2017-2 Best Instructor

Best Instructor Selection Process

A total of 175 instructors and co-instructors teaching at 144 universities in 39 countries whose students took part in the 2017-2 round of the X-Culture competition were considered for the Best Instructor Award.

About 100 of those instructors did an absolutely outstanding job: their students came in well prepared; they provided excellent support to their students throughout the project; they managed all the paperwork diligently and effectively; and they completed all their duties – from report evaluations to serving on various committees – very diligently.

They all deserve a BIG THANK YOU! Their universities can be proud of such having such professors.

However, some groups of students did better than others and some instructors went the extra mile to help their students and make X-Culture a success. Those few deserve a special recognition.

Each instructor was rated and ranked along 124 performance variables.

The most important factor was the class-average performance. Ultimately, it is all about student performance. Student ratings in terms of effort, intellectual contribution, collegiality, as well as the personal share of the work completed by the students in the total work completed by their teams all were taken into account. Thus, to a large degree this Award goes to the best class/university, rather than an individual instructor.

However, a number of additional instructor-specific factors were also considered:

Class-average student diligence as measured by students’ ability to meet deadlines and submit weekly progress reports were given a substantial weight.

Class-average report quality and plagiarism statistics were also taken into account, but weighted less because the quality of the team report and originality of the report (absence of plagiarism) was affected not only by the students of the instructor in question, but 4-7 students from other universities.

A number of indicators of the instructors’ personal performance were also considered and given a substantial weight: from the quality of preparation of the pre-project materials (e.g., student rosters, accuracy of the names and email addresses, etc.), to the quality of the report evaluations submitted by the instructors at the end of the project (reliability of the ratings, depth and quality of the feedback). Additional help provided by the instructor, such as help with webinars, symposia, and training material development were also taken into account.

The class size and the level of study were also considered to acknowledge the fact that ensuring high level of performance in large undergraduate courses may be more challenging than in small graduate courses.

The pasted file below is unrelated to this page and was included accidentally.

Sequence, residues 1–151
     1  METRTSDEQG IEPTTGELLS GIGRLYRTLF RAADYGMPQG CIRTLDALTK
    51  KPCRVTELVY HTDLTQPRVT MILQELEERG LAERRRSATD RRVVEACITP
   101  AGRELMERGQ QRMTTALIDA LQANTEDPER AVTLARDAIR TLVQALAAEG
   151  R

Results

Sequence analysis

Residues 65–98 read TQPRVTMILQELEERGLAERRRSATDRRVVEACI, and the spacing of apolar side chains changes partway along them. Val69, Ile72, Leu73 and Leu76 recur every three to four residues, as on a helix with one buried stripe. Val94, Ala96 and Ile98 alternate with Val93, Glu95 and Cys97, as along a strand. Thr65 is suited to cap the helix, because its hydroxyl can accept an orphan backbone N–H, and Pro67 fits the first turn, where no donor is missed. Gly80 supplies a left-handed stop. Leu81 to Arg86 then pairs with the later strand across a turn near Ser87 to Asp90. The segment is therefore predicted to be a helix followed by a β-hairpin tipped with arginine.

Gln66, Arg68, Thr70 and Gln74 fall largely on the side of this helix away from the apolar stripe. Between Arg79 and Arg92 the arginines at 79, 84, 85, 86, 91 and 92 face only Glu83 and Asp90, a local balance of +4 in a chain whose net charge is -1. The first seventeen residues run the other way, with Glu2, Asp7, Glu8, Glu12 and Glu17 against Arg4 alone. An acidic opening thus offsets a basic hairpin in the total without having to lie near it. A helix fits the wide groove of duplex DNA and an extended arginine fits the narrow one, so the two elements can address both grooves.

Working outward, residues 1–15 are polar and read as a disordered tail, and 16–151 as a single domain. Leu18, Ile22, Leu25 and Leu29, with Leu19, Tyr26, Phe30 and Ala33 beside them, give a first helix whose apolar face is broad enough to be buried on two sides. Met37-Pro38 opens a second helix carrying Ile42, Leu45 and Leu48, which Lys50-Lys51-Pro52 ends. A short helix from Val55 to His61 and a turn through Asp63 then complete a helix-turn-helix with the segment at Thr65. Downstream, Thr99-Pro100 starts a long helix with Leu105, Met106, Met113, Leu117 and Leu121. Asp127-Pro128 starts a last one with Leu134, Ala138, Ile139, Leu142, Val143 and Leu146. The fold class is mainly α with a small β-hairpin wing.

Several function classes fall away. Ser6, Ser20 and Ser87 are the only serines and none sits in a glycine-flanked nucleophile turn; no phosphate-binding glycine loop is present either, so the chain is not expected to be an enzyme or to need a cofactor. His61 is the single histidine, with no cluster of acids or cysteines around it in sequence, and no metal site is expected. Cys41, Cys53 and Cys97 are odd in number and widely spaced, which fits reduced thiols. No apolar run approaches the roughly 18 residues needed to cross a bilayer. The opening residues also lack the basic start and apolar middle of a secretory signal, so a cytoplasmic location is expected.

After all 175 instructors were ranked on each of the 124 variables, it was impossible to select one best instructor. However, a small group emerged who ranked almost perfectly on the vast majority of the dimensions.

The list of 30 professors who ranked the highest overall are provided below in alphabetical order.

We deliberately do not rank them from 1 to 30. First, they all did an outstanding job as instructors. Second, such rankings could change substantially depending on which particular variables are given more weight.

It is important to note that there was no clear gap between the “best” and the “rest” groups. At least 50 other instructors received excellent evaluations along all dimensions, including very positive student performance reviews and exceptional diligence and helpfulness throughout the semester. But the line had to be drawn somewhere and if we had to select a smaller group of instructors whose performance was even better than that of the rest, these 30 are our 2018-1 Best Instructor Award recipients.

(sorted alphabetically by country)

Filip De Beule, KU Leuven University, Belgium
Adam H. Cave, NAIT (Northern Alberta Institute of Technology), Canada
Abdulrahman Chikhouni , Mount Royal University , Canada
Andres Aguilera, Universidad EAN, Colombia
Noemie Dominguez, University of Lyon, France
Elena Choquet, ESTICE, France
Ana Colovic, NEOMA Business School, France
Dirk Fischbach, Hochschule Harz – University of Applied Sciences, Germany
Vincenzo Pisano, University of Catania, Italy
Donatella Depperu, Università Cattolica del Sacro Cuore, Italy
Carolyn Erdener, KIMEP University, Kazakhstan
Esha Mendiratta, University of Groningen, Netherland
Urooj Zulfiqar, University Of Lahore,Gujrat Campus, Pakistan
Ashar Saleem, Institute of Business Administration (IBA), Pakistan
Ana Maria Soares, University of Minho, Portugal
Dirk Morschett (with Eric Davoine), University of Fribourg/Switzerland, Switzerlad
Lynn Leng Khim Lim, University of Applied Sciences and Arts Northwestern Switzerland FHNW, Switzerland
Sharon Southcott, Coventry University, UK
Alexandrina Maria Pauceanu, Higher College of Technology Ras Al Khaimah, United Arab Emirates
Cliff Wymbs, Baruch College CUNY, USA
Daniel Rottig, Florida Atlantic University, USA
David S. Baker, University of Louisiana at Lafayette, USA
Lina Deng, University of Wisconsin, USA
Alexander Assouad, Belmont University, USA
Bell Valerie, Merrimack College, USA
Sandra Graca, Eckerd College, USA
Srdan Zdravkovic , Bryant University , USA
Anshu Arora, Wilkes University, USA
Peter Magnusson, University of Alabama, USA
Raina Rutti, Dalton State, USA